Last September, Hurricane Ivan wreaked havoc and took lives across a 2,000-mile path stretching from Tobago all the way to Virginia. Butthe toll was heaviest in Grenada, where 90 per cent of the island’sbuildings were damaged, leaving more than 80,000 people homeless, withno water or electricity, crops destroyed and communications shut down,and the economy in shambles.The people of Grenada are still in great need of assistance,both for short-term survival and long-term recovery. Many organisationsin the Caribbean and elsewhere have set up relief efforts, and there isstill much that individuals can do to help. Please contact the nearestGrenadian embassy or consulate to find out what you can do, or check CaribbeanBeat’s website,www.caribbean-beat.com, for information on relief efforts.
Could she be loved
No Woman, No Cry Rita Marley, with Hettie Jones (Sidgwick & Jackson, ISBN 0-283-07364-0)
Perhaps the old Patsy Cline number Stand By Your Man might have lent a better title. In her new memoir, Rita Marley lays claim to the title of reggae’s longest-suffering wife, chronicling her 13 years with superstar Bob Marley. The book traces Bob and Rita’s life from their early days in Trench Town to the pinnacle of his success, to their last days together as Bob lay dying of cancer in 1981. It’s a personal story of talent and tenacity, intimacy and infidelity, and the challenge of sharing your greatest love with the world.
Readers might expect a more compelling portrait of Bob from the woman who shared his stage, his bed, and his life. But this slight memoir, co-written by poet and novelist Hettie Jones, reads like a draft: a breezy conversation with a girlfriend too polite to interrupt with probing questions. Marley tosses out even the most painful memories with the casualness of a pebble skimming a pond’s surface, seemingly reluctant to disturb her husband’s memory or his legacy.
No Woman, No Cry works best when Rita tells her own story — her life before and after Bob, attempts to have her own career, and her unquestionable commitment to her children. But even in telling this story she seems unwilling or unable to rouse herself to really make a connection with the reader. Die-hard Marley fans will appreciate the few new glimpses of Bob’s life the book provides. But No Woman No Cry leaves you wanting to know more both about Bob and about the woman who loved him best.
People ask what it’s like when I’m somewhere and suddenly Bob’s voice comes on the radio. But the thing about Bob is so deep, it is as if he’s always with me, there’s always something to remind me. So I don’t wait for his voice.And he did promise me, before he finally closed his eyes, that he’d be here. It was May 11, 1981, and the doctors said he was dying of cancer and that there was no hope. But Bob was hanging on, he wouldn’t let go.I had put his head in my arm, and I was singing God Will Take Care of You. But then I started to cry and said, “Bob, please, don’t leave me.”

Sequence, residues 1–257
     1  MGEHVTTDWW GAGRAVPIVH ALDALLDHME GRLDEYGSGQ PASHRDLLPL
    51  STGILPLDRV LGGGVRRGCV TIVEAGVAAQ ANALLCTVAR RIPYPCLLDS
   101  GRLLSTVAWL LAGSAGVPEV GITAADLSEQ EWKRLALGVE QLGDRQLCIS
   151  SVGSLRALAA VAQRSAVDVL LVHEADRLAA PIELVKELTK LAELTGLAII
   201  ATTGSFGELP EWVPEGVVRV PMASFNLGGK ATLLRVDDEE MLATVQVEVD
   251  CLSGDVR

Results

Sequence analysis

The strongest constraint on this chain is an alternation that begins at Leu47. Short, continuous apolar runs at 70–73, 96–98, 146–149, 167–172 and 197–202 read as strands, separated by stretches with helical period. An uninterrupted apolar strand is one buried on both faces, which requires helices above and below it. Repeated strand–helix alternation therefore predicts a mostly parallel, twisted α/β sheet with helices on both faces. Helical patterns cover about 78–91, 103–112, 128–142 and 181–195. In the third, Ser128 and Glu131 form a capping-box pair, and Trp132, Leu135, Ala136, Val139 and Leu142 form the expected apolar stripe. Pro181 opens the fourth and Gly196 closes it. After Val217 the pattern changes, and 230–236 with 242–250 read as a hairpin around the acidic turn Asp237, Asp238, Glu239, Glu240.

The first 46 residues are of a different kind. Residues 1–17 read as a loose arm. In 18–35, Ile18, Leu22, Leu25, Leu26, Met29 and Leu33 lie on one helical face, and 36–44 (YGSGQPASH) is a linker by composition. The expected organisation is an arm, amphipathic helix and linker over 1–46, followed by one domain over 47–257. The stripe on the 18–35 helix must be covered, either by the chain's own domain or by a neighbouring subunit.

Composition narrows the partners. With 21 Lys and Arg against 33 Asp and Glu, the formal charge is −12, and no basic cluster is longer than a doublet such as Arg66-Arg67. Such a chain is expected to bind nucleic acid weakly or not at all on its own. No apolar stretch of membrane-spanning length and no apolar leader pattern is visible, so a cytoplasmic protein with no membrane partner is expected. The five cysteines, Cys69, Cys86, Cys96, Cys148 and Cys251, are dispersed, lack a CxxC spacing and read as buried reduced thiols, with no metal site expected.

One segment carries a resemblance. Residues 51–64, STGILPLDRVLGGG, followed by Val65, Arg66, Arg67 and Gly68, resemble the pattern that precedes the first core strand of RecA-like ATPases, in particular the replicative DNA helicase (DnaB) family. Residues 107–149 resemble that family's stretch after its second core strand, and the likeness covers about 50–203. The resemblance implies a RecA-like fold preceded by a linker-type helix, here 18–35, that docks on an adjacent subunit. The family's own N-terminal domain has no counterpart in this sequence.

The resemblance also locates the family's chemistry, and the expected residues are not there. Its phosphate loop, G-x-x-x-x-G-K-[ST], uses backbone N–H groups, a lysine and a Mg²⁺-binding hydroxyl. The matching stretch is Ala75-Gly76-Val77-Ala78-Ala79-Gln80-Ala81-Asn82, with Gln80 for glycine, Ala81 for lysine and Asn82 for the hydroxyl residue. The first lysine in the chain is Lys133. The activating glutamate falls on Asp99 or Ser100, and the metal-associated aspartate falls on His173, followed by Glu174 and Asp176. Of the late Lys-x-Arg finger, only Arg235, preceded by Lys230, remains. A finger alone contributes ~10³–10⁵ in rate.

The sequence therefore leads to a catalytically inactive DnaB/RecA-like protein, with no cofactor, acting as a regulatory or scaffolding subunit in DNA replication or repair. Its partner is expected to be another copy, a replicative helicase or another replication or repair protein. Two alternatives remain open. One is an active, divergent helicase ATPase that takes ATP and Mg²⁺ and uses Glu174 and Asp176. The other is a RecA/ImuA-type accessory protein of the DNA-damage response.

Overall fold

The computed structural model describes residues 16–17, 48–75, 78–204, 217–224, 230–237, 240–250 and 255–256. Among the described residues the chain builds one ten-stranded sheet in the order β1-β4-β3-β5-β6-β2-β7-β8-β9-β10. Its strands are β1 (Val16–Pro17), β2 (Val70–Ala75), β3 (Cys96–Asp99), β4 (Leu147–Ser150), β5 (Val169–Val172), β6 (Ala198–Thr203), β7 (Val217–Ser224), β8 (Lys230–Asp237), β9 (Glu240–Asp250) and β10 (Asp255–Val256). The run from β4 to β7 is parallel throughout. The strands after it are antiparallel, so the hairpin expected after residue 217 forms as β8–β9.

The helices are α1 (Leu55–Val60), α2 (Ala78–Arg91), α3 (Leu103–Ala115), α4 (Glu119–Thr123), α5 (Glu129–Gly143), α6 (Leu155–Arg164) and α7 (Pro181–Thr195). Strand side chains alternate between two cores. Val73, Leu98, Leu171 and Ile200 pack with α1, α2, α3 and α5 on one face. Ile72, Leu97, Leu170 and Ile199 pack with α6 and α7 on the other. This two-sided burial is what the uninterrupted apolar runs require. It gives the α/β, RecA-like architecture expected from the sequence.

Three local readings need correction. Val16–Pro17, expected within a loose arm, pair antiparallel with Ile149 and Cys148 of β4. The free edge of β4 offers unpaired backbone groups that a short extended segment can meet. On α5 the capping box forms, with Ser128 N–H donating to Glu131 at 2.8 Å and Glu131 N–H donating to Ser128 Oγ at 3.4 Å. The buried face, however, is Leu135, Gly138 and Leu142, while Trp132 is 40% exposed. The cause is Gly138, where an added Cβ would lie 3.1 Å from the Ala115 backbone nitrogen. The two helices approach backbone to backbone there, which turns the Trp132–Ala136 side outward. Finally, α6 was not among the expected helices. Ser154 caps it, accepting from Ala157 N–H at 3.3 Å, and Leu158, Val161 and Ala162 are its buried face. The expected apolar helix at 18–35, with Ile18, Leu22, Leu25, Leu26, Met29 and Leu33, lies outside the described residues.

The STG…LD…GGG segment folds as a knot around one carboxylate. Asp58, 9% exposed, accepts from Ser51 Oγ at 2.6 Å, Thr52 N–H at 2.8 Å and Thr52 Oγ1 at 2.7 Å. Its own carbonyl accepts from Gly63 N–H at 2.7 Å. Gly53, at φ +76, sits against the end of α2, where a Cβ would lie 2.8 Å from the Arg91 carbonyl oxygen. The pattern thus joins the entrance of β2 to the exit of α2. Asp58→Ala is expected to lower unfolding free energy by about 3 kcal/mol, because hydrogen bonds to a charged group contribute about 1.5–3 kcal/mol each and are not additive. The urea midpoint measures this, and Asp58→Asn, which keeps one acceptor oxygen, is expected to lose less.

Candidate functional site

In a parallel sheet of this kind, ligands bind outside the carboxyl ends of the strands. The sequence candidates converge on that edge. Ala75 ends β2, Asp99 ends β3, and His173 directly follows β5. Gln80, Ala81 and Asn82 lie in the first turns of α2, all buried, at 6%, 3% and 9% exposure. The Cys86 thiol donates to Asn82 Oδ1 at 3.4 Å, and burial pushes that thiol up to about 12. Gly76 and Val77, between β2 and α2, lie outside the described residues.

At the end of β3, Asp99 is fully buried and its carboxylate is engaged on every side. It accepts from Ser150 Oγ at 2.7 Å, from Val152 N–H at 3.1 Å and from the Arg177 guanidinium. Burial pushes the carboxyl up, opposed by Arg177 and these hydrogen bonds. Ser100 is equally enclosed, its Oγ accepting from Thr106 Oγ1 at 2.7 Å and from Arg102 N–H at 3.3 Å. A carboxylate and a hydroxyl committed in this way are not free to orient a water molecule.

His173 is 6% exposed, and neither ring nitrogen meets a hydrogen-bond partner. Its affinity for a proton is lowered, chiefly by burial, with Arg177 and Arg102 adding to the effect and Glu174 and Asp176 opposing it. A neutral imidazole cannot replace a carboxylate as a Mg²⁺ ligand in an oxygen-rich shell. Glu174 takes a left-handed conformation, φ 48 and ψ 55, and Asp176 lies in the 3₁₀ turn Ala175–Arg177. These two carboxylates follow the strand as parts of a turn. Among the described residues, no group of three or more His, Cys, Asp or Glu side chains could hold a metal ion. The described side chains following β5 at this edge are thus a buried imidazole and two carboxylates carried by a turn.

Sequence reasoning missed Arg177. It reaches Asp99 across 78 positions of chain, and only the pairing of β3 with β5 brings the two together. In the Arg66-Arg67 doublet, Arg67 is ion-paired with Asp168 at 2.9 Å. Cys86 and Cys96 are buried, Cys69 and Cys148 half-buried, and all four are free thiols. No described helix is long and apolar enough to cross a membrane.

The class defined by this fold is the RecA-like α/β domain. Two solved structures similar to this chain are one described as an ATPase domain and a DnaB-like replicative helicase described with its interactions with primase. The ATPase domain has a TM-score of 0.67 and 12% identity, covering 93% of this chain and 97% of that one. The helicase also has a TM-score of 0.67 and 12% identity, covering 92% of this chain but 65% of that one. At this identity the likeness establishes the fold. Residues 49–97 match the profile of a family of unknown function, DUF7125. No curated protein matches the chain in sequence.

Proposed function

And he looked up and said, “Leave you, go where? What are you crying for? Forget crying, Rita! Just keep singing. Sing! Sing!”
So I kept singing, and then I realised, wow, that’s exactly what the song was saying: “I will never leave you, wherever you are I will be . . .”
So if I hear his voice now, it’s only confirming that he’s always around, everywhere. Because you do really hear his voice wherever you go. All over the world.
And one interesting thing about it, to me, is that most people only hear him. But I hear more, because I’m on almost all of the songs. So I also hear my voice, I also hear me. From the prologue to No Woman, No Cry
From the prologue to No Woman, No Cry
Rumble in the jungle
Our Lady of Demerara David Dabydeen (Dido Press 2004, ISBN 1-902-115-44-9)
Can a person be radically, suddenly transformed from one state into another? From sinner to saint, drifter to struggler, eagle to cockroach? In their different ways, Christians think so, Hinduism says so, and the Arawaks of Guyana thought so. In David Dabydeen’s fifth novel, a rather unpleasant English hack writer, overcome with the squalor of his wretched life, thinks so too, and journeys to the interior of Guyana to rid himself of his wicked ways and become a struggler for wholeness and transfiguration. It is left to the reader to assess how successful his transformation is. This is not an easy task, because most of the evidence is presented by the hack writer himself, and Dabydeen is not a man for telling a story straight and simple. Here we have plenty of mystification: multiple narrators, shifting names and identities, a mysterious journal, an Indian girl’s corpse, the skull of a murdered priest, an Arawak woman with no underwear, a ragged Hindu philosopher, and sinister black rocks which speak of sanctity and violence. The Englishman thinks he has become something new; his ex-wife snorts with derision. Don’t ask what really happens or who to believe: what matters is the way self and identity shift and transform themselves like dark currents, deep beneath the surface.
The gospel according to Mais
Brother Man Roger Mais (Macmillan Caribbean, ISBN 1-4050-6296-7)